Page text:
Tony Blair says itis "essential" the
The prime minister may face his biggest Commons rebellion since the start ofthe
Up to 80 Labour MPs may rebel, but defeat in the 1900 GMT vote is unlikelyas the Conservatives back the plans.
Mr Blair told the Commons replacing Trident was "in the nationalinterest" and any delay would be "absurd".
Speaking during prime minister's questions before the debate got under way,Mr Blair said: "I think it's right we take the decision now to begin workon replacing the Trident nuclear submarines.
"I think that is essential for our security in an uncertain world.
"I believe it is important that we recognise that,although it is impossible to predict the future, the one thing... that iscertain, is the unpredictability of it."
But MPs including Liberal Democrat leader Sir Menzies Campbell and formerdefence minister Peter Kilfoyle are backing an amendment - thought to have thesupport of about 80 Labour MPs - saying the case for replacing Trident is"not yet proven" and saying they are "unconvinced of the needfor an early decision".
The Lib Dems want to postpone a decision until 2014, but the governmentargues that one needs to be made now as the submarines take so long to build.
Sir Menzies told the Commons: "A hasty decision to replace Trident isbound to undermine our ability to have influence at the conference [to reducenuclear proliferation] in 2010."
'Design and concept'
However, Mr Blair said: "It's absurd to suggest we could simply put offthe decision."
Some Labour MPs want an assurance that Parliament will be able to revisitthe Trident issue in the future.
Mr Blair said that was always a possibility, stressing that Wednesday's votewas for the "design and concept" stage, and Parliament might want torevisit the issue when it comes to contracts being negotiated for the work totake place from around 2012.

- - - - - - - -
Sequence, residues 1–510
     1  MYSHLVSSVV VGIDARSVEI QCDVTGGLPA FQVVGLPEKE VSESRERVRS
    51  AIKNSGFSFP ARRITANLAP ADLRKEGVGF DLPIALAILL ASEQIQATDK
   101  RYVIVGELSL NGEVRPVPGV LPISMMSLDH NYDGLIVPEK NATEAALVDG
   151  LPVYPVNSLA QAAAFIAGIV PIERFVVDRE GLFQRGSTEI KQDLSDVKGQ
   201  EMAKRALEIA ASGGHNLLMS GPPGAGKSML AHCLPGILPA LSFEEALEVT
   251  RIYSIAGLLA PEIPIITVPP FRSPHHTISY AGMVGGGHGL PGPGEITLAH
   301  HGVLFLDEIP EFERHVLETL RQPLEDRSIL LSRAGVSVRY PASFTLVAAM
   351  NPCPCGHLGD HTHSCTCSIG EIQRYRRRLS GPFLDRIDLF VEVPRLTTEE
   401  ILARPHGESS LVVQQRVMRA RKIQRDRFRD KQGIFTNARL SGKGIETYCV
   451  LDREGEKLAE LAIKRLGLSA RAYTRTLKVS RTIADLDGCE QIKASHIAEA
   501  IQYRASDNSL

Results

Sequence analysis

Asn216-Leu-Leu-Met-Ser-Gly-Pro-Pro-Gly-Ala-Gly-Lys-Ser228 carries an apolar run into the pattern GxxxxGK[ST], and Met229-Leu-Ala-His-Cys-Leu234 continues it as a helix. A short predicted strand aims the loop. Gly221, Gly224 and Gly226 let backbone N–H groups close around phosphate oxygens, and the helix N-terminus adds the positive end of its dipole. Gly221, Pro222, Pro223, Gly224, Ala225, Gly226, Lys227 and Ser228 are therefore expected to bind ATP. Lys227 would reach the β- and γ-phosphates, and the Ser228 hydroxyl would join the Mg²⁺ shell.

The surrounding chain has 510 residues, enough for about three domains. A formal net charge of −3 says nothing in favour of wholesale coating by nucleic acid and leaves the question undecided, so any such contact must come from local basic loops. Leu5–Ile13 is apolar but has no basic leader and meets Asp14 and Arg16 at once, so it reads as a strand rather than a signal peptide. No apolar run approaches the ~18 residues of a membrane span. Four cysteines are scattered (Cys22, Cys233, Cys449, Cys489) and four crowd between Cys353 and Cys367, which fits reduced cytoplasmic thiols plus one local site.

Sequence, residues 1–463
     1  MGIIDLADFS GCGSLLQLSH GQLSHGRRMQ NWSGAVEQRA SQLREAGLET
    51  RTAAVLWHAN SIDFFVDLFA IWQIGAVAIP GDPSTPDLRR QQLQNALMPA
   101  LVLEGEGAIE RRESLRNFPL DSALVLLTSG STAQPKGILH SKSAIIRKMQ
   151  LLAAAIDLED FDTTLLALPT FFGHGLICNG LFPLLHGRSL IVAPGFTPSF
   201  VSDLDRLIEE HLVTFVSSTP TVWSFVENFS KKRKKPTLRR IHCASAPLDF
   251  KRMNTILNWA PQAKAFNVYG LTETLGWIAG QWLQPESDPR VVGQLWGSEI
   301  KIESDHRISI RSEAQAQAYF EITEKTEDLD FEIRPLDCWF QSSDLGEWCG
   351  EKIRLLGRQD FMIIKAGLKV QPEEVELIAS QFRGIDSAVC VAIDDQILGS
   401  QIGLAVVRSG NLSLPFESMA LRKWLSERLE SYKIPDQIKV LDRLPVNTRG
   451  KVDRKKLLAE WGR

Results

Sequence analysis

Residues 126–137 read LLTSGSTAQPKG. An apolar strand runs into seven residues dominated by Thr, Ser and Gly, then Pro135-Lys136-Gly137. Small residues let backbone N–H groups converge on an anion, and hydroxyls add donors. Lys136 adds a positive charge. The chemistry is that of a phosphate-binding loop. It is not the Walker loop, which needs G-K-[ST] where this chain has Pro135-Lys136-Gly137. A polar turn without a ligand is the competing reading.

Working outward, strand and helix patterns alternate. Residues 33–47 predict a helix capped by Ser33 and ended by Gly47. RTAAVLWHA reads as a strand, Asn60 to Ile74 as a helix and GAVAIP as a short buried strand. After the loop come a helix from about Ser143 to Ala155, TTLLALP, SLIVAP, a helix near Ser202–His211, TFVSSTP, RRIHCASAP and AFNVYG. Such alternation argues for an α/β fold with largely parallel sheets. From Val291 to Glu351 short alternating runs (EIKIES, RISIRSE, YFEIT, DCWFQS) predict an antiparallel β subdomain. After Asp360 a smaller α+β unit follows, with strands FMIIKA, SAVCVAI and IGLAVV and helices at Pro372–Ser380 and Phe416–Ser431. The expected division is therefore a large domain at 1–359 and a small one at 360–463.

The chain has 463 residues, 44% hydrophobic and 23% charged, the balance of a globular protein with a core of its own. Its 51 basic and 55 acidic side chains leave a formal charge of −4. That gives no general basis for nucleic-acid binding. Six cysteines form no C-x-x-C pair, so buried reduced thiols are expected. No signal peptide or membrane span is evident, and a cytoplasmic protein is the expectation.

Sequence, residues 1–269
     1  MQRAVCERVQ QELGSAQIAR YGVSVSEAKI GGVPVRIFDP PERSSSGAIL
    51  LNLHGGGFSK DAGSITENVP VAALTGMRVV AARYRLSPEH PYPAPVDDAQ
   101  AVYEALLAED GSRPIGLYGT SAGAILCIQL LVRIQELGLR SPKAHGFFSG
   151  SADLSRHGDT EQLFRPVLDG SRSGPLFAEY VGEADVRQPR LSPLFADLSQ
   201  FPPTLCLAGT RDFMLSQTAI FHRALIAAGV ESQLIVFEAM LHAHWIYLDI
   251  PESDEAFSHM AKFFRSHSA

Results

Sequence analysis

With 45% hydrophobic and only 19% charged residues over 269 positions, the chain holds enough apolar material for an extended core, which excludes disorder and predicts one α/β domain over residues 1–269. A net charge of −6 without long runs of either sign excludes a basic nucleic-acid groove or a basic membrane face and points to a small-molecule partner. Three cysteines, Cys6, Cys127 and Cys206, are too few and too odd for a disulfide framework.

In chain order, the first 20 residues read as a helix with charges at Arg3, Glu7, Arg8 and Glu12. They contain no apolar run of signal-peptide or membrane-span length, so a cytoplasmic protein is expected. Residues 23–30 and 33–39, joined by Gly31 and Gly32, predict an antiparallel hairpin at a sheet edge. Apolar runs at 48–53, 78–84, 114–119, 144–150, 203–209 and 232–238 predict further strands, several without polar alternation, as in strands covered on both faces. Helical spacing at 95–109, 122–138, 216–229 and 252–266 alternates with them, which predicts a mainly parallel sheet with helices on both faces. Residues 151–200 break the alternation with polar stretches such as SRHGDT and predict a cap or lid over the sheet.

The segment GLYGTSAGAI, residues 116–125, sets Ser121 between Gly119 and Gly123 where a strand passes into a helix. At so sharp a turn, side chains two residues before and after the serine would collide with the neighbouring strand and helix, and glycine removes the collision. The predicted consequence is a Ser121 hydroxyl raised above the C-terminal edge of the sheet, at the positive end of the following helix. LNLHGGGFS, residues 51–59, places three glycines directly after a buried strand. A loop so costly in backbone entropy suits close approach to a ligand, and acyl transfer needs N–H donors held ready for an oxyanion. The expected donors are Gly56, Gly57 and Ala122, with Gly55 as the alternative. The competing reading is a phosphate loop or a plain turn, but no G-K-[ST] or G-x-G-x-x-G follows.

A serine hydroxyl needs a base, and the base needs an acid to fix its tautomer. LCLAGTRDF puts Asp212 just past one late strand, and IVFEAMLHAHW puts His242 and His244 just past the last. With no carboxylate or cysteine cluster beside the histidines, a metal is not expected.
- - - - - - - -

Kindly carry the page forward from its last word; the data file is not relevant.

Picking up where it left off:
Mr Blair said in December that submarine numbers could be cutfrom four to three, while the number of nuclear warheads would be cut by 20%.
Between £15bn and £20bn would be spent on new submarines to carry theTrident missiles and the fleet would take 17 years to develop and build, andwould then last until about 2050.
The government's stance prompted two resignations this week - deputy Commonsleader Nigel Griffiths and ministerial aide Jim Devine both quit their posts inprotest.
'No enemy in sight'
Opening the debate, Foreign Secretary Margaret Beckett said large nucleararsenals still existed around the world and some countries in"unstable" regions were looking to create their own weapons.
She said: "There's the potential for a new nuclear threat to emerge orto re-emerge."
"Maintaining a nuclear deterrent remains a premium worth paying on aninsurance policy for this nation."
Former environment minister, and Labour leadership contender, MichaelMeacher is also against the plans.
"We're in the post cold-war environment, when there is no nuclear enemyin sight and the Ministry of Defence cannot actually suggest any nuclear enemyin the foreseeable future which might require nuclear weapons as asecurity."
He said the £20bn did not cover the ongoing costs of maintenance over 40years, which would end up "probably costing nearer £70bn".
Fellow would-be leader John McDonnell, who has also signed the amendment,said the vote would be a "defining moment" for the government.
Kate Hudson, chairwoman of CND, the anti-nuclear pressure group, said themotion's cross-party support indicated "the enormous unity that exists toprevent a rushed decision on Trident".
Labour rebels have staged a series of revolts since Tony Blair came to powerin 1997, although the government has suffered only four defeats.
The biggest rebellion was over
Several protests against replacing nuclear weapons are taking place acrossthe
Several demonstrators earlier climbed onto the roof of the ScottishParliament. Two people have been arrested.
BBCGüncelleme Tarihi: 20 Eylül 2018, 18:16